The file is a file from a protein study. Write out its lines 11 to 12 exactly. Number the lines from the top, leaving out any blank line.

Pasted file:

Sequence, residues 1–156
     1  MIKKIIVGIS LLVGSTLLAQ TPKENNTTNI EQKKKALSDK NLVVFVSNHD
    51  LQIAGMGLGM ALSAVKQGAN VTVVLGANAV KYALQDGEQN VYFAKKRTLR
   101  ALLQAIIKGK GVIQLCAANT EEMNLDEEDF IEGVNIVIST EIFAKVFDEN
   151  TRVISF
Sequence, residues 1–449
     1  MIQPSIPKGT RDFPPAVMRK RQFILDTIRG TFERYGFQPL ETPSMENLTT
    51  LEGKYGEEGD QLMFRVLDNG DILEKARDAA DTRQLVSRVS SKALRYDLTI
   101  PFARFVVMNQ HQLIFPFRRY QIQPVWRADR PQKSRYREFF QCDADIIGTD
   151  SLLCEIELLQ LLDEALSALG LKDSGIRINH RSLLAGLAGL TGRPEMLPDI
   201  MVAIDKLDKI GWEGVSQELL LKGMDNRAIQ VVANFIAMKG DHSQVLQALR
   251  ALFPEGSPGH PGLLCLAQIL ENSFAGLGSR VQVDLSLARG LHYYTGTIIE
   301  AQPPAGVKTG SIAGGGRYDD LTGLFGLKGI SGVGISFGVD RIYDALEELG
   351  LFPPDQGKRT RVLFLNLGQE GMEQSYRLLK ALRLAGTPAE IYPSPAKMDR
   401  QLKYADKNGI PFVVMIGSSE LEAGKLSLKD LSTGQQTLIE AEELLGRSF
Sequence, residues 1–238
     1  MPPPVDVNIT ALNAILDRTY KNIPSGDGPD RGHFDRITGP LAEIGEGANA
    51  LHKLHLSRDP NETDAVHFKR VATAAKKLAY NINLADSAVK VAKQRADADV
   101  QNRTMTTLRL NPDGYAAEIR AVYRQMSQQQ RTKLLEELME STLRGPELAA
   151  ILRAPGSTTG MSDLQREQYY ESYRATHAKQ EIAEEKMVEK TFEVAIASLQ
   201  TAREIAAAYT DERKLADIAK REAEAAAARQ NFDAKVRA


   201  MVAIDKLDKI GWEGVSQELL LKGMDNRAIQ VVANFIAMKG DHSQVLQALR
   251  ALFPEGSPGH PGLLCLAQIL ENSFAGLGSR VQVDLSLARG LHYYTGTIIE